By Cezary Podkul and Selam Gebrekidan
NEW YORK Jan 9 Independent U.S. refiner PBF
Energy has begun talks with a half-dozen of its rivals
to consider jointly lobbying Washington against lifting a
decades-old ban on U.S. crude oil exports.
New Jersey-based PBF, run by veteran refinery investor
Thomas O'Malley, organized a telephone call earlier on Wednesday
to discuss creating a lobby group that would seek to maintain
existing restrictions on crude exports, according to two people
with knowledge of the call.
HollyFrontier Corp., Delta Air Lines' Monroe Energy
, Philadelphia Energy Solutions and Alon USA Energy
joined the call, as did larger rivals Valero Energy
Corp. and Marathon Petroleum Corp., one of the
sources said. Valero spokesman Bill Day confirmed the call.
The discussion, which one source said was likely to be
continued next week with many of the same participants, is the
first evidence of a more focused lobbying effort that may
counter rising calls to ease the ban, which was imposed in 1975
after the Arab oil embargo.
Valero was the first company to publicly speak out in
support of the limits, which are already dividing the industry.
Two of its largest rivals, Marathon and Philips 66 --
refining companies that were recently spun out of integrated oil
firms -- have said they would not stand in the way of easing the
But other allies are starting to emerge as the debate over
one of this year's biggest energy policy issues heats up.
"In general, we think it's a good thing for the country to
keep this crude oil contained here," Philip Rinaldi, chief
executive of Philadelphia Energy Solutions, told Reuters on
Thursday. "But there are tensions, and there are some issues of
free trade, and that is worth debate."
Key among them is a nearly 100 year-old law known as the
Jones Act, which limits domestic shipping only to U.S.-flagged
vessels. Rinaldi said the restriction is raising the price of
crude oil, driving up costs for East Coast refiners.
"I think the arguments that people will make for lifting the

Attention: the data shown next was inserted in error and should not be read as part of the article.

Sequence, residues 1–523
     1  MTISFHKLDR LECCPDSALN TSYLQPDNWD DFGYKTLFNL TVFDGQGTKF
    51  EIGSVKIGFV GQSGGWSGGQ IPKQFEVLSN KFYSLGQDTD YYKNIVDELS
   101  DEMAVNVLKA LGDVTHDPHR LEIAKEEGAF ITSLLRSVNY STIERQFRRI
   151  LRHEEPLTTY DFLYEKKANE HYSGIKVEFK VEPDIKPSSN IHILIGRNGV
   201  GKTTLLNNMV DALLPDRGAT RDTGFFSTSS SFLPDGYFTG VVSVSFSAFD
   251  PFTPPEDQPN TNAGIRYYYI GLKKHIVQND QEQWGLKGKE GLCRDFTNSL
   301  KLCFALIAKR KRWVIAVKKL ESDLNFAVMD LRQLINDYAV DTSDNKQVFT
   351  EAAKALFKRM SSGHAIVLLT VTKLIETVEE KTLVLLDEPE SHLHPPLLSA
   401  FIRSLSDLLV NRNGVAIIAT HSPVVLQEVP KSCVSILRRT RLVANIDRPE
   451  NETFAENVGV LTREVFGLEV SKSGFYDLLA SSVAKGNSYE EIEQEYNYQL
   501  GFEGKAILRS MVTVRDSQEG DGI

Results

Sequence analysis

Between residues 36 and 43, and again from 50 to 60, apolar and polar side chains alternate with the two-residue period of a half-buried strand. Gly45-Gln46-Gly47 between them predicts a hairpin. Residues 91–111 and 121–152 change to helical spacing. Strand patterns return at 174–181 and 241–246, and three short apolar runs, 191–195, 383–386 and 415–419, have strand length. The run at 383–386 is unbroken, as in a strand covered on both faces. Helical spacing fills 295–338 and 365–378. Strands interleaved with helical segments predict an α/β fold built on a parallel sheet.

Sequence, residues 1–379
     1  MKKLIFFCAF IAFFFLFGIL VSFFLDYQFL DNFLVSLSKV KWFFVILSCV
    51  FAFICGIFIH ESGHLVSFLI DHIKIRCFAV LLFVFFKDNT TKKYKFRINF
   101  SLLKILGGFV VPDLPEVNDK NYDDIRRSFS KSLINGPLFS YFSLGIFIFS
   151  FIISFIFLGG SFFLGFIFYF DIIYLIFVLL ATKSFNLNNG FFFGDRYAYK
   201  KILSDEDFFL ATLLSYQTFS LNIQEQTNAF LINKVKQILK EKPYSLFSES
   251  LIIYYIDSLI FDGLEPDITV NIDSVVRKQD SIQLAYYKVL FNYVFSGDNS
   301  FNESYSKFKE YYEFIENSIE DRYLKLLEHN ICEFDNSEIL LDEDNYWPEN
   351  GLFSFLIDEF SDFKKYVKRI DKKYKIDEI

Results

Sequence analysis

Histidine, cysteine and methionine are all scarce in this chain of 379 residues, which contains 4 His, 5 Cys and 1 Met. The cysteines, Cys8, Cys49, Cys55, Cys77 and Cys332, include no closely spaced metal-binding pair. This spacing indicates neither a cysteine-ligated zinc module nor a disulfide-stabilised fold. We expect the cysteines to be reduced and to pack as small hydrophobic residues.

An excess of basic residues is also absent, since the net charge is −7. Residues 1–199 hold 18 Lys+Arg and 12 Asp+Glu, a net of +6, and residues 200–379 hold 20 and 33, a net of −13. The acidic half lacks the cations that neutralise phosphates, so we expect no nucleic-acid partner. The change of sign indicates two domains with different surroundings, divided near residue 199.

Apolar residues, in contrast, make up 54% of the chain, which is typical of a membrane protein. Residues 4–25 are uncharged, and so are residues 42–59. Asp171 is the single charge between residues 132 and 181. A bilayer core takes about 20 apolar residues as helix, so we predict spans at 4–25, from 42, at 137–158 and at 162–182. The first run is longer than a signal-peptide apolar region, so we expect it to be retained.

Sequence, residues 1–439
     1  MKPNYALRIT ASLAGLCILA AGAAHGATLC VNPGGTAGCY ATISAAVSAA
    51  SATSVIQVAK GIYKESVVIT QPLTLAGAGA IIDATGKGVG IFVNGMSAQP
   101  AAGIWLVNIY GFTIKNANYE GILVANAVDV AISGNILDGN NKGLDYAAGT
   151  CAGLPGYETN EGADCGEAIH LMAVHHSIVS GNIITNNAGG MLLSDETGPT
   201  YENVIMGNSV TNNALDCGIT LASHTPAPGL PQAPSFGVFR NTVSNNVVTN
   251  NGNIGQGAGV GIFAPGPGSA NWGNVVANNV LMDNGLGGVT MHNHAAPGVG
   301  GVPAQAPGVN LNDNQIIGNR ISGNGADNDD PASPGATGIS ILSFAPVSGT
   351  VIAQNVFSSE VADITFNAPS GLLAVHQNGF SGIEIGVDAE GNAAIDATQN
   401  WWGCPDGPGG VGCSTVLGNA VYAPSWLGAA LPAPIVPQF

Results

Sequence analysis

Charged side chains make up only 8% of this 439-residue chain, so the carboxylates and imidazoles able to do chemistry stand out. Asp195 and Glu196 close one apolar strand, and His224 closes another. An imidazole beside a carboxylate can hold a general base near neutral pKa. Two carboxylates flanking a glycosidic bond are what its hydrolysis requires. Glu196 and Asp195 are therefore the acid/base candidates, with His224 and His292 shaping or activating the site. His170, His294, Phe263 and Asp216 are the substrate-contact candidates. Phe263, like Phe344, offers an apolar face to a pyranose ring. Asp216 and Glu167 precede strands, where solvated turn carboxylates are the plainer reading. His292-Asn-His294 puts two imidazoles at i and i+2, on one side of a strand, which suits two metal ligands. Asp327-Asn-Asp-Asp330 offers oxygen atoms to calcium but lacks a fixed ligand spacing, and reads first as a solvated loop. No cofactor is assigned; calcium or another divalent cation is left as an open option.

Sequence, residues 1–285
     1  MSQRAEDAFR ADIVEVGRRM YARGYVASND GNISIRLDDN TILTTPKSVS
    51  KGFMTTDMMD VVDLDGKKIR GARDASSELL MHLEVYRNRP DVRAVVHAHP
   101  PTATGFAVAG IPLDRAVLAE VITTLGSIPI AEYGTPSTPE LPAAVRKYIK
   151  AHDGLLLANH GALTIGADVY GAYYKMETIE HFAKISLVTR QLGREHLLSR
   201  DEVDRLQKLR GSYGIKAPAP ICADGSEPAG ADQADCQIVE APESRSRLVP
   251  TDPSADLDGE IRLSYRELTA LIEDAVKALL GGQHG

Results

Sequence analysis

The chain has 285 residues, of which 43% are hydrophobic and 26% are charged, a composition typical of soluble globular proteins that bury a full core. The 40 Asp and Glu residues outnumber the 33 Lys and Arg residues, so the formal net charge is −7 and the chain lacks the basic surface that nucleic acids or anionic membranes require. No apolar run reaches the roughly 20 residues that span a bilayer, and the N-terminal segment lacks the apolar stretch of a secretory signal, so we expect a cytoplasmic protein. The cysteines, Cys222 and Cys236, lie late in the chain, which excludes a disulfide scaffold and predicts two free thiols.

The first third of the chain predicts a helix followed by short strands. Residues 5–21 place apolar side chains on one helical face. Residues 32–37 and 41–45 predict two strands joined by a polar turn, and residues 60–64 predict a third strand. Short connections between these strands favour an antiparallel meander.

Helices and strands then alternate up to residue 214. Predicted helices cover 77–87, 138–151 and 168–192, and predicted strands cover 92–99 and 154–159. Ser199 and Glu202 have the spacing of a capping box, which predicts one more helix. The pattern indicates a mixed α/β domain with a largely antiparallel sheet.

crude oil export ban will be largely about free markets. Oh my
goodness, the greatest restriction to free markets right now is
the Jones Act," Rinaldi said.
A spokesperson for PBF Energy declined comment. Spokespeople
for Monroe's parent company, Delta Airlines, and PES also
declined comment. HollyFrontier did not immediately reply to an
email sent after working hours on Wednesday.
Alon has "started the process of becoming informed about a
potential lifting of the ban," a spokesman said when asked about
the call. He said the company would take a position once it
gathered more information on the issue.
A spokeswoman for Marathon declined comment.
Opposing the lifting of the crude oil export ban could
weaken refiners' hand in pushing for reforms of the Jones Act,
as they might be seen supporting one market obstacle while
pushing for the abandonment of another.
That poses a thorny dilemma for refiners as they decide
whether or not to join the PBF-led effort. It is not yet clear
how many of the refiners will support the effort, or how much
money they will put toward financing it. But Valero and Marathon
are said to have indicated on the call that they will not join
the lobbying effort, according to one of the sources.
PBF Energy and Monroe Energy -- both of whom were active in
last year's successful effort to knock back rising ethanol
quotas -- are the most likely leaders and financiers of any
lobbying effort, the source said. A follow-up meeting or call is
set for next week to set the strategy for the effort.
A growing number of oil producers and some politicians say
it is time to reconsider the crude oil export ban, particularly
now that the rapid rise in shale oil production threatens to
exceed domestic refiners' demand for light, sweet crude --
potentially causing a drop in domestic prices.
But opening up overseas shipments would likely hurt
refiners, who benefit from a glut of cheap, domestically
produced crude oil that currently cannot be sold overseas.
The purpose of Wednesday's call was to gauge the refiners'
interest in forming a lobbying group, according to one of the
sources. The existing refiner industry group, the American Fuel
and Petrochemical Manufacturers, will not oppose easing the ban
because it supports free markets, its president has said.